Hearing impairment common, perhaps preventable, chronic disease among middle-aged adults

Feb 21, 2011

Several factors may be associated with hearing impairment in middle-aged adults, including cardiovascular disease risks, being male and having a noisy job, according to a report published online first in the Archives of Otolaryngology--Head & Neck Surgery, one of the JAMA/Archives journals. The paper will be appear in the May print issue of the journal.

In background information in the article, the authors estimate that at least 29 million Americans have a . "Population-based epidemiological prevalence estimates range from 20.6 percent in adults aged 48 to 59 years to 90 percent in adults older than 80 years," the author report. "The severity of this condition has been shown to be associated with a poorer quality of life, communication difficulties, impaired activities of daily living, dementia, and cognitive dysfunction."

Scott D. Nash, M.S., from the University of Wisconsin School of Medicine and Public Health, Madison, and colleagues analyzed data collected as part of the Beaver Dam Offspring Study, an epidemiological study of aging. The study included 3,285 participants ranging in age from 21 to 84 years, with an average age of 49. The researchers evaluated hearing impairment as a pure-tone average greater than 25 decibels hearing level in either ear, and also measured word recognition at different sound levels and with male and female voices. Study participants also provided information about medical history, behaviors and environmental factors.

The prevalence of hearing impairment was 14.1 percent and the average word recognition in quiet was 89.6 percent, but 63.5 percent in competing message environment. "Hearing impairment was more likely in men, in participants with lower education levels, and in those working in noisy occupations or with a history of ear surgery," the authors report. Other factors suggest there may be cardiovascular correlates associated with hearing impairment as based on the word recognition scores, including statin use, a higher hematocrit percentage (a marker of blood viscosity), and intima-media (artery walls) thickness. The authors note that participants in the study also had significantly higher odds of a parental history of hearing impairment and that this is a highly heritable condition.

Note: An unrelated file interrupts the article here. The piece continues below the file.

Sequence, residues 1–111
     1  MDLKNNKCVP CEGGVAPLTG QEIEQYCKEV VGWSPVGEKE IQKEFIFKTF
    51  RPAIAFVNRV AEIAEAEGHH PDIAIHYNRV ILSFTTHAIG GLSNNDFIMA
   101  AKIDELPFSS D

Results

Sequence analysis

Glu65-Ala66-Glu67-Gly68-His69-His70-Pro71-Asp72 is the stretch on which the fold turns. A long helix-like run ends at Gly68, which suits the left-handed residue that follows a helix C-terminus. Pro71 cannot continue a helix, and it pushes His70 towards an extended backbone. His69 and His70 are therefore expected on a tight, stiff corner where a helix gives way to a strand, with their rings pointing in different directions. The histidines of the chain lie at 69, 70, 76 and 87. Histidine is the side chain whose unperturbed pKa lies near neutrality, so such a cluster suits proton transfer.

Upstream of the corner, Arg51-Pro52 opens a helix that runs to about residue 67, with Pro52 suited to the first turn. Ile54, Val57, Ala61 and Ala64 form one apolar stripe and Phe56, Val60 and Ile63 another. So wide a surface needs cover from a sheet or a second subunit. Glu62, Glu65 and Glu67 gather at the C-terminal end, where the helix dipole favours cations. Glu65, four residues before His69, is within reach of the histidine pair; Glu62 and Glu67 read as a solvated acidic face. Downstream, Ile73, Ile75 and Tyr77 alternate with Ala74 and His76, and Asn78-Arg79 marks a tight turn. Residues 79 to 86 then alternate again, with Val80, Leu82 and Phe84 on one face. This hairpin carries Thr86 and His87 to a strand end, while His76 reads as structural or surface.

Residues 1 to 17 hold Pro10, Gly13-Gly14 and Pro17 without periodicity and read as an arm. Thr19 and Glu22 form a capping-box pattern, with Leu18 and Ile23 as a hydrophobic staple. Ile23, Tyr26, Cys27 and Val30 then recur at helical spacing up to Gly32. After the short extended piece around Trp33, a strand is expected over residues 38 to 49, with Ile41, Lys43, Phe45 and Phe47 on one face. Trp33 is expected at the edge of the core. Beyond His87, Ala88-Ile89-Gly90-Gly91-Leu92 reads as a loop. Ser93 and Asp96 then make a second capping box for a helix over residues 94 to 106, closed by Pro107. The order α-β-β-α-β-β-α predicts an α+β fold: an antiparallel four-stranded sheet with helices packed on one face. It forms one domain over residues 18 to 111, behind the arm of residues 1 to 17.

"Hearing impairment is a common condition in middle-aged adults. risk factors may be important correlates of age-related auditory dysfunction." The authors conclude that if hearing impairment is detected early, it may be a preventable chronic disease."

Explore further: Smoke signals: New evidence links air pollution to congenital defects

More information: Arch Otolaryngol Head Neck Surg. doi:10.1001/archoto.2011.15

add to favorites email to friend print save as pdf

Related Stories

Study examines prevalence of hearing loss in the US

Jul 28, 2008

Hearing loss may be more prevalent in American adults than previously reported, according to a study in the July 28 issue of Archives of Internal Medicine, one of the JAMA/Archives journals.

Memory impairment associated with sound processing disorder

Jul 21, 2008

Mild memory impairment may be associated with central auditory processing dysfunction, or difficulty hearing in complex situations with competing noise, such as hearing a single conversation amid several other conversations, ...

Hearing loss associated with development of dementia

Feb 14, 2011

Older adults with hearing loss appear more likely to develop dementia, and their risk increases as hearing loss becomes more severe, according to a report in the February issue of Archives of Neurology.

Recommended for you

Alcohol apps aimed at young

3 hours ago

Apps with names like 'Let's get Wasted!' and 'Drink Thin' have led a James Cook University Professor to call for Government action on alcohol advertising on mobile devices.

Proponent of the G spot takes on a critic

3 hours ago

Ashley Furin had a "very satisfying" sex life with her husband, she said. Then, seven years into their relationship, she had "an experience that rocked me to my core." They had found her G spot.

Child-safety expert offers tips for holiday gifts

4 hours ago

Christmas is the most wonderful time of year, but it can quickly turn tragic if we're not careful, according to Bridget Boyd, MD, pediatric safety expert at Loyola University Health System.

User comments : 0

Please sign in to add a comment. Registration is free, and takes less than a minute. Read more

Click here to reset your password.
Sign in to get notified via email when new comments are made.